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BII chairman’s concerns for pub industry after this year's 'exceptional summer'

By Georgina Townshend contact

- Last updated on GMT

Profit warnings: Anthony Pender is concerned about rising costs at pubs when autumn arrives
Profit warnings: Anthony Pender is concerned about rising costs at pubs when autumn arrives

Related tags: Business rates, Taxation in the united kingdom

The chairman of the British Institute of Innkeeping (BII) has warned pubs of the potential “quick downturn” in sales after this year’s “exceptional summer” – which will show the full impact of rising costs within the trade.

Speaking to The Morning Advertiser​, Anthony Pender said like-for-like sales in the pub industry are up this year compared to others, mainly due to the good weather the UK has had in the past few months.

However, referring to the ALMR-Christie & Co Benchmarking Report​, he warned that in order for companies to “stand still in terms of profitably and sustainability” they have to maintain a 6% to 7% like-for-like growth.

“We are achieving 1% to 2% in bad weather, and are now, in effect, achieving around 6% to 7% because of the good weather.

“But, obviously the market needs to maintain 6% to 7%, which leads to concerns when we hit autumn, or when the good weather starts to close.”

When bad weather hits

Pender, also the co-founder of Yummy Pubs, said it will not be the initial hit of bad weather that will start to see companies suffer and “really put out profit warnings”, but when the VAT and business rates bills come out a quarter after.

“At the moment, the weather is playing into our hands and helping massively, but what we cannot allow – although operators will always evolve – is the local authorities, the Government or anyone else when it comes to these increases in taxes and costs, to believe that actually we are just adapting. That we are going to be the golden goose that pays the money and always seems to find a way around it.

“I do not think it's the case on this one.” 

Pender said it was a concern that the Government will see the good numbers coming from this summer, and will not look at things like weather patterns and trading results due to that, when considering business rate reforms.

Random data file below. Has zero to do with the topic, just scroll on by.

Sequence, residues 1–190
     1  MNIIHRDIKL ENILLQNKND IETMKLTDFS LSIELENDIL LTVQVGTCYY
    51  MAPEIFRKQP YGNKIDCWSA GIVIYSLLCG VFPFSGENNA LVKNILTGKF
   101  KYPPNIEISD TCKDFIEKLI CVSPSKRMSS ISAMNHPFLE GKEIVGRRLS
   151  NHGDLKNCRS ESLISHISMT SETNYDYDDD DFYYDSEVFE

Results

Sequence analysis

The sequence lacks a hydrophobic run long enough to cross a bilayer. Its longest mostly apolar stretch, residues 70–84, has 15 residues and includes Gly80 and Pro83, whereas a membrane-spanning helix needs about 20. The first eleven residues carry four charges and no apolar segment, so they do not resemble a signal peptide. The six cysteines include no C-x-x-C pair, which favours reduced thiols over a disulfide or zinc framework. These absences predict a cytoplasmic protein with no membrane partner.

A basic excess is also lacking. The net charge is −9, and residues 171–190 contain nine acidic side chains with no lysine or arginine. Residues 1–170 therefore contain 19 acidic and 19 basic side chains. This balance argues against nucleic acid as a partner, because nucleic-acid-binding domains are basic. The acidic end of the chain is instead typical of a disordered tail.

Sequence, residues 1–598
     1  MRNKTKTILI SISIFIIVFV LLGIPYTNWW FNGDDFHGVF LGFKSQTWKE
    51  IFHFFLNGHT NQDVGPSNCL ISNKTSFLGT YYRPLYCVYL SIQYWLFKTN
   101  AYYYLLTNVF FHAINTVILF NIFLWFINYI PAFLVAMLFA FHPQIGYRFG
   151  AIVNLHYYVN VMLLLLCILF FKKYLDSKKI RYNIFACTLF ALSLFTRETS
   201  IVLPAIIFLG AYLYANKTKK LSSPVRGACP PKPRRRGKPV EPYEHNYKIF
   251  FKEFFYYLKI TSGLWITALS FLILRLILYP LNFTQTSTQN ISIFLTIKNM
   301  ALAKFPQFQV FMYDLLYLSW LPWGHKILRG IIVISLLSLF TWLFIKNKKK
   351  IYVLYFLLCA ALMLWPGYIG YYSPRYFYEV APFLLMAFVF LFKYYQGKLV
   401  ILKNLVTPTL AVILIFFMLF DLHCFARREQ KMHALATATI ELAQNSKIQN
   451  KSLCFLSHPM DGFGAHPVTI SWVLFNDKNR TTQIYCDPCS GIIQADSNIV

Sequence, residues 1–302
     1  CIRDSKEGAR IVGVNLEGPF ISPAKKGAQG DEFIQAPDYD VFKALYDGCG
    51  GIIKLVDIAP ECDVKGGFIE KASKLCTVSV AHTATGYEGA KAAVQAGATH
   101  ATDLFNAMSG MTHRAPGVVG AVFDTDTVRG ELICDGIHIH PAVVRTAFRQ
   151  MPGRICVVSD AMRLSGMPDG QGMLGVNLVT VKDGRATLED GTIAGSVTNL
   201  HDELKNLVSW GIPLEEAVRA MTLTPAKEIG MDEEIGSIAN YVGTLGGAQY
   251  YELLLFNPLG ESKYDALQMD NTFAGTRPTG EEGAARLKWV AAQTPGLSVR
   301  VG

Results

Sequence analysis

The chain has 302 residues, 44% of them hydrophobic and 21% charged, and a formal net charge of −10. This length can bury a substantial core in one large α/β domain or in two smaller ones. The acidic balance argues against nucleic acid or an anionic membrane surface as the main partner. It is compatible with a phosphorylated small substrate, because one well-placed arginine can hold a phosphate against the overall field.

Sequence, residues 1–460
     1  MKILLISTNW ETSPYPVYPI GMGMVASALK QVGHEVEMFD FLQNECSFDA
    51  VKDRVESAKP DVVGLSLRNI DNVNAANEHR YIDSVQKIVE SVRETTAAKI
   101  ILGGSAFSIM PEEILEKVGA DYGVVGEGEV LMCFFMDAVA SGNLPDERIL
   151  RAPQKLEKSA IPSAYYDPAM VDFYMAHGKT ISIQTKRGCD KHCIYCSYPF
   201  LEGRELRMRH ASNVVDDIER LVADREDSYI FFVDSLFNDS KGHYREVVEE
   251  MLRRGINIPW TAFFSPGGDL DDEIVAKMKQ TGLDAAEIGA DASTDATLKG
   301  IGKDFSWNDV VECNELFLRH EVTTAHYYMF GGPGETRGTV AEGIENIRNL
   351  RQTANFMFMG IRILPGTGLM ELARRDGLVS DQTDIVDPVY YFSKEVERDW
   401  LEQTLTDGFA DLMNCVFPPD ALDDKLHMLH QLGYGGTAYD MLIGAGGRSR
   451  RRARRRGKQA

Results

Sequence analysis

“The Government will only start to look at business rates when unemployment starts rising and venues start closing. But that's too late,” he said.

“For Yummy Pubs I am not concerned, because we have pushed innovation and we are continuing to adapt our business model to survive. 

“But in my role at the BII, I know if you're a tenant and suddenly have to find £400 more a month for your business rates, they can't do that.”

Opportunities for some, loss for others

When the summer ends, Pender said he believes there will be a lot of movement in pub companies’ portfolios as they “jettison” the sites that are “weighing them down”, and a lot of consolidating.

This will create “opportunities for some, but obviously loss for others”, he said.

Pender advised smaller businesses to cash flow forecast now – while the weather is still good.

“They have to make sure they have got the money, and they need to budget properly,” he continued.

“And they have to do some real cost rationalisation. While the weather is good, go to tender, make sure you are buying at the right price, make sure you are negotiating hard, and that you are ready for that downturn.”

Make MPs aware

Pender also said operators needed to keep making MPs aware of the current situation pubs are in because trade bodies “can’t do it on their own”.

“I have not known a period in time where trade bodies have worked so closely together,” he said.

“We are at a pinnacle in terms of performance from trade bodies. They are working together, they are on message, and we are seeing sustained campaigns around business rates, which are coming from all angles. 

“The BII isn't a lobbying body, it's a training and professional body, but we still lend our voice to the business rates argument, because it's so important we support the trade bodies with our 10,000 members who are there for professional development.

“As operators, we have to put more pressure on. I went to see my local MP and talked to him about it. I know that various other operators have gone and spoke to MPs.

“The best way to deal with this is to talk to all our MPs and make them aware of it.

“They don't know, they don't understand. The MPs' scope of work is massive; they do not wake up and think about pubs as we do.

“You just have to keep on reminding them, and the trade bodies can't do that on their own.”

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